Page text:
May 23rd, 2017 This article was written by one of the medical writers at Hair Loss In Women, and has been reviewed by a medical doctor.
If your hair loss is due to androgenetic alopecia you may be able to stop losing more hair. You may even be able to regrow your hair. Many experts believe that the earlier you start treating androgenetic alopecia, the better your chances of success.
The more advanced a case of androgenetic alopecia the lower the success rates of regrowing hair. If your hair loss is irreversible there is still hope. Hair transplants are still an option.
It’s possible that you’re dealing with more than one form of hair loss. You may be combating androgenetic alopecia AND another form of female hair loss. You just need to know what your treatment options are. Once you know your option you can narrow your search by which ones work best for you.
We’ll start exploring androgenetic treatment options by focusing on over-the-counter treatment options. Over-the-counter options include minoxidil (the active ingredient in Rogaine and others), tretinoin (brand name Retin-A, that can enhance the absorption of minoxidil), ketoconazole shampoo (brand name Nizoral), low-level laser therapy, cimetidine (brand name Tagamet), and saw palmetto (use of which is neither evidence based nor FDA approved, but we include it here because of many users claims of its effectiveness).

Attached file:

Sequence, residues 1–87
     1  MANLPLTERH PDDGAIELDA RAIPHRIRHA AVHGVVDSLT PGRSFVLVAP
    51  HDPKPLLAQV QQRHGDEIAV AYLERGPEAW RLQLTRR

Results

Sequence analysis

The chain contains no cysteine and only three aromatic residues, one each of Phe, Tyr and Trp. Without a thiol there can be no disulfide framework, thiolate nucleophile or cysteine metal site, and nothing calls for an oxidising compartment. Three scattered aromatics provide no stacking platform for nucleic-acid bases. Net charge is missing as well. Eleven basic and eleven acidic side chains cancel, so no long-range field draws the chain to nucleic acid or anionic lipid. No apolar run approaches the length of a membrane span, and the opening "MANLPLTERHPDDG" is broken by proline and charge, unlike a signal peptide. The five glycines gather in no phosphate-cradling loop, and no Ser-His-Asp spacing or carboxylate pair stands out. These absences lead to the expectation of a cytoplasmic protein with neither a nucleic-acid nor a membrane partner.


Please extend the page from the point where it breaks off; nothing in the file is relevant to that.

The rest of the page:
After exploring over-the-count options we’ll focus on prescription only options. Prescription only options include spironolactone (brand name Aldactone), latanoprost (band name Xalatan), bimatoprost (brand name Latisse), hormone replacement therapy, finasteride (brand name Propecia or Proscar), platelet-rich plasma (PRP), Flutamide (Brand Name Eulexin), and oral contraceptives (including Cyproterone Acetate).
Treating Androgenetic Alopecia With Minoxidil
Minoxidil was originally used to treat high blood pressure. Patients found that they were having the side effect of hair growth.
Minoxidil is an over-the-counter medication users appy directly to the scalp. It is only effective for women suffering from genetic hair loss (androgenetic alopecia). It’s available as a liquid and as a foam. It is now available as a foam because some women were having irritation and flaking due to the propylene glycol.
Minoxidil is the only drug which with FDA-approval to treat female pattern baldness. It is available in 2 forms: 2% for women, and 5% for men (although the 5% formula received approval for women by the FDA). However, some dermatologists will prescribe 5% for women under supervision.
Recommendations are that you apply liquid minoxidil twice a day, or the foam once per day. Use may need to be a long term regiment.
The cost is as low as under $10 / month, which makes it relatively inexpensive compared to some other options (Latisse is around $150 / month just for the lashes, and finasteride is around $75 / month.
Does Minoxidil Work?